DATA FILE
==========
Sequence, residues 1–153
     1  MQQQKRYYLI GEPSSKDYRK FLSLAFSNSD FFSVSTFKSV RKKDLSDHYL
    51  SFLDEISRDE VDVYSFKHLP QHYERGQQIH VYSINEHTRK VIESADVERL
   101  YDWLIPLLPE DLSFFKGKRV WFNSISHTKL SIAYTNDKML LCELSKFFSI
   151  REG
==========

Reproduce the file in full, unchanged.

Sequence, residues 1–153
     1  MQQQKRYYLI GEPSSKDYRK FLSLAFSNSD FFSVSTFKSV RKKDLSDHYL
    51  SFLDEISRDE VDVYSFKHLP QHYERGQQIH VYSINEHTRK VIESADVERL
   101  YDWLIPLLPE DLSFFKGKRV WFNSISHTKL SIAYTNDKML LCELSKFFSI
   151  REG